FacebookTwitterGoogle+RedditEmail

The Undecided Voter Examined

by BEN TRIPP

If you shout “fire” in a crowded theater, most people will respond, one way or another. Most of them will run out onto the sidewalk and start to form a lynch mob; some of them will boldly check the theater for combustion-related activities. The undecided voter is the guy still sitting there in the middle of row 43. And not because there wasn’t a fire. This mug just can’t make up his mind whether to burn to death or see the rest of the movie.

I already knew I didn’t like the reactionary pseudo-conservative jingo-Jesuoids that worship precedent Bush with the mindless fervor of worker termites. Real conservatives are coming to my side in droves, and because I’m a progressive I don’t turn them away. I lead them into the gymnasium we’ve converted into a dormitory and give them blankets, soup, and a copy of ‘The Economist’ from 1998. Money isn’t everything, they admit. Well, it is, but Bush even threatens money. Some of these authentic conservatives are going to vote for Bush again this time, but they’re doing it for the party, for the sake of continuity and tradition, and when it’s over they will do the decent thing and dash out their brains. Other real conservatives are going to cross the line and vote for Kerry, because they simply cannot bear to vote for Bush again, or they’re broke. Some of them are even voting for Kerry because he reminds them of Eisenhower, if Eisenhower wore a wig and was 6’4″. Meanwhile the undecided voter is still sitting there in row 43. The lights are on, but there’s nobody home.

My theory is there are three kinds of undecided voters. Four, if you include dead people. First, there’s the ‘you can’t make me’ model. This person is angry and resentful and doesn’t get invited to holiday gatherings much. Obstinate, opinionated. Has difficulty admitting mistakes. Consequently will avoid making decisions that represent a reversal of earlier decisions, but which it would be patently wrong to repeat. During my time at Disney Imagineering, I knew a woman who had such a bad case of ‘you can’t make me’ it was impossible to work with her. She would commit to terrible courses of action simply because the evidence suggested doing the opposite. She refused to be pushed around by mere facts; the rest of us were sheep, responding mindlessly to reality. When inevitably her course of action proved disastrous, she defend the outcome like a wildcat defending her kits under the influence of Amyl Nitrate. She was eventually given the boot (the big shiny black boot with a bubble toe familiar to all Mickey Mouse fans). Even then, for almost a month after she was remaindered, she kept showing up for work, in denial that she could have been fired, unwilling to accept anybody else’s decision. It was tragic. We thought it was funny. I suspect a lot of undecided voters are of this stripe: they know Bush is a miserable president, but they can’t stand to admit they were wrong. So they refuse to make a decision.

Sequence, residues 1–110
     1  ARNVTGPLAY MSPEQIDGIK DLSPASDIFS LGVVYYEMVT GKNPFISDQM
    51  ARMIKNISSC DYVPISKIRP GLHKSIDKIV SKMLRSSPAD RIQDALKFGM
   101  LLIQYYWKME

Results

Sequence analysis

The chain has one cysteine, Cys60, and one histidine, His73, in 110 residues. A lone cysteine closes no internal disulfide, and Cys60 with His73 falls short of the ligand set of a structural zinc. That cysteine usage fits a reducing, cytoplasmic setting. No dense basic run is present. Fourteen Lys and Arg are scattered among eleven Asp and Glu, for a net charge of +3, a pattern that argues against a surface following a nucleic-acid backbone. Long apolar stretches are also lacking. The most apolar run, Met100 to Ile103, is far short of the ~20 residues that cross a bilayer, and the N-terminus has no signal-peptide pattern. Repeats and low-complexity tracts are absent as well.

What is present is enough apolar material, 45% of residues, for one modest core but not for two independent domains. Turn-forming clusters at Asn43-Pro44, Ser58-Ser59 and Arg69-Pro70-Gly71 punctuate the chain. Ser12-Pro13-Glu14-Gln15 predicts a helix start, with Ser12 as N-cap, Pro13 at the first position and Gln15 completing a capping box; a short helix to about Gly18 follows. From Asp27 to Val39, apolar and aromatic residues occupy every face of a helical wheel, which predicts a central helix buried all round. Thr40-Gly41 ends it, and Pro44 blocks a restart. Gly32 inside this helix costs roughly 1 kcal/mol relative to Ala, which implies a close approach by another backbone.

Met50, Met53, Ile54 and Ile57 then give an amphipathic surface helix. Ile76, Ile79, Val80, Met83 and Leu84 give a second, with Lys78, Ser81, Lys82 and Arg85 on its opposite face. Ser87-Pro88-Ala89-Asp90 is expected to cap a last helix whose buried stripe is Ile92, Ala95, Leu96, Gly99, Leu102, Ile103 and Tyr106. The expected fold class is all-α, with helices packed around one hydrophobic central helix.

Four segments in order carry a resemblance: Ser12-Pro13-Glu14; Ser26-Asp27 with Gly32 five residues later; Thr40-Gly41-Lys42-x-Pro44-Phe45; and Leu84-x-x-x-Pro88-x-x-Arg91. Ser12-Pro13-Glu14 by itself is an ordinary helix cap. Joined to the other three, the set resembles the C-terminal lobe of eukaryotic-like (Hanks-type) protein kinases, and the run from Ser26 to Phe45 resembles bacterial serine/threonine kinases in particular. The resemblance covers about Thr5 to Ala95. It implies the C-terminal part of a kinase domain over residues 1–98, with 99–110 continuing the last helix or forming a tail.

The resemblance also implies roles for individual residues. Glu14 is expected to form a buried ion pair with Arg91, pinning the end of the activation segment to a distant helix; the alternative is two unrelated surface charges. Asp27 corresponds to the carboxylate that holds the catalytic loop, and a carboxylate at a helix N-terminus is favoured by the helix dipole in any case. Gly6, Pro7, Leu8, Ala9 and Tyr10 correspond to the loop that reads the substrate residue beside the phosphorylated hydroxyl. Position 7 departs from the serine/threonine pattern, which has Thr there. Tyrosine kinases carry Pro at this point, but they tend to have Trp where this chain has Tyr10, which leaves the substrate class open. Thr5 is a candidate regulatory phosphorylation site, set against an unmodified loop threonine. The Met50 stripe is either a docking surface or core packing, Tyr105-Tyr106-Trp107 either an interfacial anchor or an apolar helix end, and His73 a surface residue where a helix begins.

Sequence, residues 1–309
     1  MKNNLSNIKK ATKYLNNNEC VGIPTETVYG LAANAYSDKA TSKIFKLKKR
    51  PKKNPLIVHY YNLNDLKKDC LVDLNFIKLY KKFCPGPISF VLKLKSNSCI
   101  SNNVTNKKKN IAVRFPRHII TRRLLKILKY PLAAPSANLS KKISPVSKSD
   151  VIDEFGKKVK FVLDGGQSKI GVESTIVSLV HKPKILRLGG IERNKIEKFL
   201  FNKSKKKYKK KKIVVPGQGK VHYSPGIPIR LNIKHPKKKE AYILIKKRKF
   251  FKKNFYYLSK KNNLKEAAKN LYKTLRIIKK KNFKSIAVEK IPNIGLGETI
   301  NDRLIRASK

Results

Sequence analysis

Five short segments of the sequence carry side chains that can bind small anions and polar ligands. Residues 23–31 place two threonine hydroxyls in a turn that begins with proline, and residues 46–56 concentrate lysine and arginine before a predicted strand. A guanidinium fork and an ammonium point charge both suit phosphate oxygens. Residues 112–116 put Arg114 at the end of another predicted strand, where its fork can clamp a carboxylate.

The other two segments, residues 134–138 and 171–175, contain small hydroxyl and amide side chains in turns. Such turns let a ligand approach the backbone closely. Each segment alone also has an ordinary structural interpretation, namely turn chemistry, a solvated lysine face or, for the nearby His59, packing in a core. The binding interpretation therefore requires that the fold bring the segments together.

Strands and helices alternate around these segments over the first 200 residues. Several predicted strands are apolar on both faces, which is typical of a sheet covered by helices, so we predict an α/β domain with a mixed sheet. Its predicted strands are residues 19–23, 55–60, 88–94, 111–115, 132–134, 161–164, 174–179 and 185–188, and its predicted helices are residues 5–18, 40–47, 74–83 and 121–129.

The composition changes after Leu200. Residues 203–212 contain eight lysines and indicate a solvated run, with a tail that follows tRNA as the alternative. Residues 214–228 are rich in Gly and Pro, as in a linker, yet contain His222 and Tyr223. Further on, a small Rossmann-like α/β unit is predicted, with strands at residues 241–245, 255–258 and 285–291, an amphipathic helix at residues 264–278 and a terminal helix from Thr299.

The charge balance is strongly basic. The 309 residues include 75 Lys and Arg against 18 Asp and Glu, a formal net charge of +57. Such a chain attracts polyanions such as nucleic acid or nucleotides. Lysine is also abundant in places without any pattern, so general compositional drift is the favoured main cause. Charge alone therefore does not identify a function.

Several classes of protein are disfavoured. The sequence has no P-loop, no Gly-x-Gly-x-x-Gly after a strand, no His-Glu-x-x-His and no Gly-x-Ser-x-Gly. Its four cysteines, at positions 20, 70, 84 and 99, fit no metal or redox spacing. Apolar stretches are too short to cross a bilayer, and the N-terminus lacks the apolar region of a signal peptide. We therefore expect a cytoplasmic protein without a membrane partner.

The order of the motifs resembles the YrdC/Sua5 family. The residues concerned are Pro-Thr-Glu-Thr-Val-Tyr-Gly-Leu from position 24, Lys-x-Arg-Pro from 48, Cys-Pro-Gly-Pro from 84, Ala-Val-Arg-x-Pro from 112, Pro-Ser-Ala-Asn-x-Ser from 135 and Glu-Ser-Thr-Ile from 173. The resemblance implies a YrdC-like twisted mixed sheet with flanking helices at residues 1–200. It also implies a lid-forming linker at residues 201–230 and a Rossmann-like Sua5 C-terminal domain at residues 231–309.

The second class of undecided voter enjoys the attention. I mean look, nobody’s going to invite me to sit in on one of these debates. I know where I stand, who cares about me? The media loves a good narrative, and to them undecided voters are catnip (or Amyl Nitrate). What could be better than a razor-thin margin between one candidate and the other, the outcome to be decided by a bunch of hand-wringing vacillators? Not that all of them wring their hands. Many of this group of undecided voters are grandstanding like John Phillips Souza, using the press to offer stern, contradictory advice to both candidates. Undecided voters get quoted in the newspapers, polled, invited to debates, analyzed, and exhorted to make various decisions. The more they don’t decide, the more attention they get. My advice is to just ignore them. Maybe they’ll go away. Or better yet, maybe they’ll make a decision, and America can go back to sleep.